Heavy Road Vehicles (Trucks)

It is generally accepted that truck transportation is related to economic growth. It has also been proven (# OECD/IEA, Transport 2009) that the more GDP increases, the less the correlation. Indeed, while people get wealthier, they tend to have a lesser need for cumbersome equipment while their need for advanced and high- value-added products rises. Road transportation is thus naturally impacted.

The trucks currently in use already have a good efficiency, even though improvements can still be made. The thermal efficiency of truck engines is around 40% today. The International Energy Agency (2009) considers it could be brought up to 50 or 55% in some cases. As with cars, hybrid motorization also brings significant improvements to trucks, even though most of the trucks are used outside cities. Aerodynamics plays an important role, as well as auxiliary services on board. Tire performance is also crucial to reducing gas consumption; new high- performance tires lead to fuel savings of 4-8%.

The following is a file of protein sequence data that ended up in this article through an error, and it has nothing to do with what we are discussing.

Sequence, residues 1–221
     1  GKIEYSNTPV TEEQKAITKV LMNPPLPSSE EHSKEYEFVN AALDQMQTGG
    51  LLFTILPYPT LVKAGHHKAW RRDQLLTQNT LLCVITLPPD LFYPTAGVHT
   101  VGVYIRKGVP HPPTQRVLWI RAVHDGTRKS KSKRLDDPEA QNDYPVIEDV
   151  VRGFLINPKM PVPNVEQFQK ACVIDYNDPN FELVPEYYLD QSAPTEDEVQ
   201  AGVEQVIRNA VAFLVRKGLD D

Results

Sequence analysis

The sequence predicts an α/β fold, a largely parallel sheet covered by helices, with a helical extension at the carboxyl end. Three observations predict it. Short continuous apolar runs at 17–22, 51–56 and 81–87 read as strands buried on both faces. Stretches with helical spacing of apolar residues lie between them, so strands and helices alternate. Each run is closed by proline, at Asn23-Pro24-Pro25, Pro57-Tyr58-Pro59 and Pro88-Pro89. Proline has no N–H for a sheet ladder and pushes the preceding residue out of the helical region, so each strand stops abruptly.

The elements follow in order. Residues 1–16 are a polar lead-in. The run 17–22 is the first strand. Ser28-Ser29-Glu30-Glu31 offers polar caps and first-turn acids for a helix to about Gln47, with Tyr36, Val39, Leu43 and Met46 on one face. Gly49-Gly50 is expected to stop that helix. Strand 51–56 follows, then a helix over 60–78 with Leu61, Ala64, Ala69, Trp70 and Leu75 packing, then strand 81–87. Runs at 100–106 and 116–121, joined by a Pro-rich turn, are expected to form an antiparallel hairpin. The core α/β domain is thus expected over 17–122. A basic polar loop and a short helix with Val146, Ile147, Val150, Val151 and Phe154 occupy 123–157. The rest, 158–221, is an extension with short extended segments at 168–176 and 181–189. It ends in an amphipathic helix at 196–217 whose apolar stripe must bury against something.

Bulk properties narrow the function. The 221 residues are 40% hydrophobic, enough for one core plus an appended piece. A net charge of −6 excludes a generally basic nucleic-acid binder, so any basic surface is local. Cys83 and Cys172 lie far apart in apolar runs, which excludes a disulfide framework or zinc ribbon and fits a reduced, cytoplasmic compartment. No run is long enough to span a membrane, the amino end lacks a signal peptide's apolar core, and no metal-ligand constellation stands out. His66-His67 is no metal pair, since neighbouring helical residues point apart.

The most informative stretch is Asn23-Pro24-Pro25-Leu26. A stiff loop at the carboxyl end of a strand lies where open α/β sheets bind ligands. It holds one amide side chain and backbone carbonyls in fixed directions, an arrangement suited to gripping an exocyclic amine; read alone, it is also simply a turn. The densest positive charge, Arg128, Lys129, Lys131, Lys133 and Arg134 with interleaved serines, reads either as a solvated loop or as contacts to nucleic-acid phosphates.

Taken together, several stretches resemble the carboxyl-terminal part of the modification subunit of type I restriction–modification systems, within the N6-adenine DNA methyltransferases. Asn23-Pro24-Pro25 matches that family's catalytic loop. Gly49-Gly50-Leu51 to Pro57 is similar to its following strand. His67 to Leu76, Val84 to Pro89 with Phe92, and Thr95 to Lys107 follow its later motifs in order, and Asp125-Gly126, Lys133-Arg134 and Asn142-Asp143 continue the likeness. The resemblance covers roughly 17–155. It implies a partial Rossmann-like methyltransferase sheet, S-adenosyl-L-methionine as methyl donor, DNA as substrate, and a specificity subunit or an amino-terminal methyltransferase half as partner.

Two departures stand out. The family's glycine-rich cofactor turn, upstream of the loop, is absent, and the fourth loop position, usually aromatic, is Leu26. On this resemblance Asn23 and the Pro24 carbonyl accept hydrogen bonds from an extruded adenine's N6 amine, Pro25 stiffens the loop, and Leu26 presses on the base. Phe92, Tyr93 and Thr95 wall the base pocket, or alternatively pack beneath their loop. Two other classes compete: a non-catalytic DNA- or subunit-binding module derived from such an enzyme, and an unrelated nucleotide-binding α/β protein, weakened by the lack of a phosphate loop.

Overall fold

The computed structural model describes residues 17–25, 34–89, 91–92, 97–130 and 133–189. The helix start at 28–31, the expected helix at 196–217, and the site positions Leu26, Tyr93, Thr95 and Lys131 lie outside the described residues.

Studies have also shown that increasing the size and weight of trucks lead to an overall saving of the gas consumed. Trucks that are 25 m long (60 tons of load) consume indeed 15% less fuel than the equivalent load delivered using 16-m-long trucks (40 tons of load). However, large trucks require a number of adaptations to road infrastructures.

Finally, the most important innovation for reducing energy use by trucks lies probably in the modernization of the logistics system itself. The logistics chain can be restructured by partially integrating production or by limiting the variety of supplies. This would considerably reduce the volume of exchanged materials and therefore the truck transportation volume. In addition, new procurement strategies which would extend, for instance, the duration of the deliveries would allow for optimal flow of supplies and therefore reduce the volume transported as well as empty load transportation.

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